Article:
Kalam I: Why the Big Bang isn’t evidence of God

Craig’s second argument in Reasonable Faith, is probably the one he’s most famous for, the Kalam cosmological argument. He begins by arguing:

  1. Whatever begins to exist has a cause.
  2. The universe began to exist.
  3. Therefore, the universe has a cause.

Obviously, Craig needs further arguments that if the universe has a cause, the cause must be God. He never does more than briefly sketch those arguments, which should be a red flag, since without those arguments the rest doesn’t amount to much. But hold off on that until later.

Craig claims premise (1) is obviously true. Many people don’t think it is, including myself and philosopher of religion Keith Parsons, but I don’t think this is anywhere close to being the worst problem with Craig’s argument, nor do I see much point in arguing over what’s obvious, so I’d be happy to grant Craig (1) for the sake of argument.

I really want to focus on (2). Craig gives two types of arguments for (2), scientific arguments and philosophical arguments. I’ll deal with the scientific arguments first.

One argument Craig uses appeals to the second law of thermodynamics. The second law of thermodynamics says that the entropy in a closed system will steadily increase until it’s at its maximum (or, put another way, that a closed system will tend towards equilibrium). Because the universe’s entropy isn’t at its maximum, isn’t in a state of equilibrium (which is good for us, or else life would be impossible), the universe can’t be infinitely old.

Here’s one problem with using this as an argument for God: what if there’s an undiscovered exception to the laws of thermodynamics? Craig can reply that there’s no evidence that such an exception exists, and that the laws of thermodynamics have always been found to hold throughout countless observations. But Craig’s own view involves postulating a massive exception to the laws of thermodynamics—namely God.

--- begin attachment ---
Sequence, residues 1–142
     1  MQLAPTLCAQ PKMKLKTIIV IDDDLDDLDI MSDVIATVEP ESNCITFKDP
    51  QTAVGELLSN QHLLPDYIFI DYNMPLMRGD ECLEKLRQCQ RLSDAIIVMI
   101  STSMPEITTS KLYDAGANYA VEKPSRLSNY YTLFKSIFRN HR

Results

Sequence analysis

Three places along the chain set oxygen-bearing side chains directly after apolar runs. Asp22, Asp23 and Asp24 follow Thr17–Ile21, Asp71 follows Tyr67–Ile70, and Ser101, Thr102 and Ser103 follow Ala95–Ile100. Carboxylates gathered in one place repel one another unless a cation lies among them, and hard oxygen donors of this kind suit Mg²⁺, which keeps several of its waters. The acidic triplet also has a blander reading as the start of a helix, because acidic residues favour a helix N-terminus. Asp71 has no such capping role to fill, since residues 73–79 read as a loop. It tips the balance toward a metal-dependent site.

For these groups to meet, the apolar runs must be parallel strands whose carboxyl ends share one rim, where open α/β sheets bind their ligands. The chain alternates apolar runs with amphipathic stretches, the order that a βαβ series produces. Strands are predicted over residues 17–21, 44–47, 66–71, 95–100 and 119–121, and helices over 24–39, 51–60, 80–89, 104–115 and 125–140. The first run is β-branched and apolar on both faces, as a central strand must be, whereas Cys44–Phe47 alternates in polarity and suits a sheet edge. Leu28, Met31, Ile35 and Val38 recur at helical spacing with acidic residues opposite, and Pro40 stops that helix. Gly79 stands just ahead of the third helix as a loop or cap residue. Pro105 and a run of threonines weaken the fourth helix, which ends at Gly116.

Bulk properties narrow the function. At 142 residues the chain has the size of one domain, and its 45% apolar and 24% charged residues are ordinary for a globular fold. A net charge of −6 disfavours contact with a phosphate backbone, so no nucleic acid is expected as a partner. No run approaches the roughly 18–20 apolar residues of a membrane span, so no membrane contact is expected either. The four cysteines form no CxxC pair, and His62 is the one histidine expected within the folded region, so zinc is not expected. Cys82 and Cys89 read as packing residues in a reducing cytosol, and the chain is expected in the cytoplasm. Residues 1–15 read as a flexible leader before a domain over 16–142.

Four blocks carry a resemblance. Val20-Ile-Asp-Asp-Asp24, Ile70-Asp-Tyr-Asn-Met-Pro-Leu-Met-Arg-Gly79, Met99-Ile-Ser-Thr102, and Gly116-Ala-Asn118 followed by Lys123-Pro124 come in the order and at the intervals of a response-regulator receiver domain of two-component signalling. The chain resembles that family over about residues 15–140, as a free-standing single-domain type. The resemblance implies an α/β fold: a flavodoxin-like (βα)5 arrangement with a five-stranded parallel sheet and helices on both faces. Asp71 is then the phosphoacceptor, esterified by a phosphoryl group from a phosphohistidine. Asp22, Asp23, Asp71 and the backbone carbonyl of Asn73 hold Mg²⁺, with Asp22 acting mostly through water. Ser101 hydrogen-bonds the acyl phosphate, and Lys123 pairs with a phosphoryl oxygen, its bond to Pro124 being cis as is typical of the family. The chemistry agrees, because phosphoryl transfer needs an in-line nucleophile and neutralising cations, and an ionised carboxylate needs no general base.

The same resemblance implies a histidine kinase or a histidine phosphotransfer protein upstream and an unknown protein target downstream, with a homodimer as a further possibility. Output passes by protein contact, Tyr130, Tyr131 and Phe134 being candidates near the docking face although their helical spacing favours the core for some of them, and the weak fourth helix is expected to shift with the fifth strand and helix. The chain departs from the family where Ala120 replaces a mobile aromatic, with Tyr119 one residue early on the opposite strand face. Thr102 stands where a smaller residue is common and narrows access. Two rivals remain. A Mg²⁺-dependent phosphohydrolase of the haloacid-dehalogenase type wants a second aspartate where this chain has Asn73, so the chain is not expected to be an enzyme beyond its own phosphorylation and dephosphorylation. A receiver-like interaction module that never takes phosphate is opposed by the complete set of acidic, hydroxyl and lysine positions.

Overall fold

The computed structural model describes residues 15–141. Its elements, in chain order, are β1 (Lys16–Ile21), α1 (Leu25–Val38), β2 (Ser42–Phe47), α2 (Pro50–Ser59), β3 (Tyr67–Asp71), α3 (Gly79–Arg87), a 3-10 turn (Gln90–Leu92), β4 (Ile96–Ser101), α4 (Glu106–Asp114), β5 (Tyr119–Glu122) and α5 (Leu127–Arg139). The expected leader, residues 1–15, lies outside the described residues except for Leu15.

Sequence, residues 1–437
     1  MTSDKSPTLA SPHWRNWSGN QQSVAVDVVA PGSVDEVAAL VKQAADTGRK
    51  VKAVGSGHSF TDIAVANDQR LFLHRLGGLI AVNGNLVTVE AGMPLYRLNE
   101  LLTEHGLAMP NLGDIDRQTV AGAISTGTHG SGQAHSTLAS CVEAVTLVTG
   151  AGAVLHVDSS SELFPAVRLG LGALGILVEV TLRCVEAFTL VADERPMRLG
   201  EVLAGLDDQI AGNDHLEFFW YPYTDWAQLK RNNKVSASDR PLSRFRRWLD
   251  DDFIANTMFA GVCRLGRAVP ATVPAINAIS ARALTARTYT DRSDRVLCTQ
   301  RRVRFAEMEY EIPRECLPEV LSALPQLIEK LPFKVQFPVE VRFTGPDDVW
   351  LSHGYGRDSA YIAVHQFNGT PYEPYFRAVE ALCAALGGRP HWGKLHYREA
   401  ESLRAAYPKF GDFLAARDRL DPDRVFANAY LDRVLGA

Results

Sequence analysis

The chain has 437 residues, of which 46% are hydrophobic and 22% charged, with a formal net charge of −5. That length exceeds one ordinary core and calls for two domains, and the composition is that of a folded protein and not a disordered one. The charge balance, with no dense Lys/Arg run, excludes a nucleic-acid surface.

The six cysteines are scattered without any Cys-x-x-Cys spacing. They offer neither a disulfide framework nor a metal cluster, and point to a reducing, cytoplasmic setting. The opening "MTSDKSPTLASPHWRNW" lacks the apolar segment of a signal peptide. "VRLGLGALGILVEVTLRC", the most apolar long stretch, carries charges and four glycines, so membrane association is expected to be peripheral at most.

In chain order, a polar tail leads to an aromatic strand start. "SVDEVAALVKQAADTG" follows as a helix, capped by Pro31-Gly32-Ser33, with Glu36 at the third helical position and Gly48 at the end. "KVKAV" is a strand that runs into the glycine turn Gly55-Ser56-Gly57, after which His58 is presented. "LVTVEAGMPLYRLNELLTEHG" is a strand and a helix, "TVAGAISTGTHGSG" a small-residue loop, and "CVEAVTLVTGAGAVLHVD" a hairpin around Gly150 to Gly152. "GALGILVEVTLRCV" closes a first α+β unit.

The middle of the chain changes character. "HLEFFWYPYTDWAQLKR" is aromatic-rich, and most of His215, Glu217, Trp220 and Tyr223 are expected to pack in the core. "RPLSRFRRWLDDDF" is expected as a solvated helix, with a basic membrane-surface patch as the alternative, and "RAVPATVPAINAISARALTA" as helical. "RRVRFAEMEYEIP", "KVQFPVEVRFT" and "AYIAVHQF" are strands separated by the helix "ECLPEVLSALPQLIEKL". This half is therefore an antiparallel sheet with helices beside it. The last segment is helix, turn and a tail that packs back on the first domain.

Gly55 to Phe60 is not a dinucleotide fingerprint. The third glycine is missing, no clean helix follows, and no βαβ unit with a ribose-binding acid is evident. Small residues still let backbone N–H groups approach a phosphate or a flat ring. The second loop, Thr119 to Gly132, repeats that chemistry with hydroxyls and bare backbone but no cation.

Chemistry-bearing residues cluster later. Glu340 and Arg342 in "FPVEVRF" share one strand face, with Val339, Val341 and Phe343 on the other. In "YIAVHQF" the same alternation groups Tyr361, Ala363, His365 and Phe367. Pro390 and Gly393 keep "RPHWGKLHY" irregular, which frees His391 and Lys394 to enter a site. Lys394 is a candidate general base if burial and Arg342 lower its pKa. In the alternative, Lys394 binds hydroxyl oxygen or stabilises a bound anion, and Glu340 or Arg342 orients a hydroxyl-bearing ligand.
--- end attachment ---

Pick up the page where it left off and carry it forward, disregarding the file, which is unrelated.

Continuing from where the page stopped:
In other words, Craig’s strategy requires first dismissing the possibility of some physical exception to the laws of physics based on lack of evidence, and then arguing to God. But it would make just as much sense to first dismiss the possibility of God based on lack of evidence, and then argue to a physical exception to the laws of thermodynamics.

Once again, we’re in Bill O’Reilly-land here. Craig has no argument for preferring his view to the alternative. And, though this will take a bit more explaining, there’s a very similar problem with the part of Kalam which I suspect appeals to the most people, namely Craig’s attempt to use Big Bang cosmology to prove God.

The Big Bang theory describes how, over the last 13.5 billion years, the universe expanded from something that was originally very small into the unimaginably large universe we have today. It is often assumed this means the universe began 13.5 billion years ago, but to many scientists, the idea that the Big Bang theory is a theory of how the universe began (as opposed to how it developed) is a misconception.

Craig spends a lot of time trying to shoot down theories which, while consistent with what the Big Bang says about the expansion of the universe over billions of years, do not say that the universe began to exist. The problem with this is similar to the problem with trying to use the laws of thermodynamics to prove God.

While it may be hard to say exactly what makes something “science” or “good science,” it’s safe to say that when scientists frame their theories, they’re at least supposed to be constrained by the evidence. When Craig tries to shoot down particular scientific theories about the history of the universe in Reasonable Faith, he’s attacking theories framed under that constraint.

However, if you don’t care about the standards normally applied to scientific theories, it’s ridiculously easy to come up with a story about how the past could be infinite. After all, maybe God decided to make it look finite in spite of being infinite. So Craig needs those normal standards.

His God hypothesis, however, doesn’t meet them. As with the thermodynamics argument, there’s no evidence for it except that (allegedly) we’re forced to it once the alternatives have been ruled out. And in the Kalam argument, Craig keeps his God too vague to test against the evidence.

Craig may protest that “God is a better hypothesis than the alternatives” is not a claim he makes at any step in his argument. True. However, the fact that Craig never explicitly makes this claim is no excuse for rejecting other people’s views using one set of standards, and then refusing to apply those same standards to his own beliefs.

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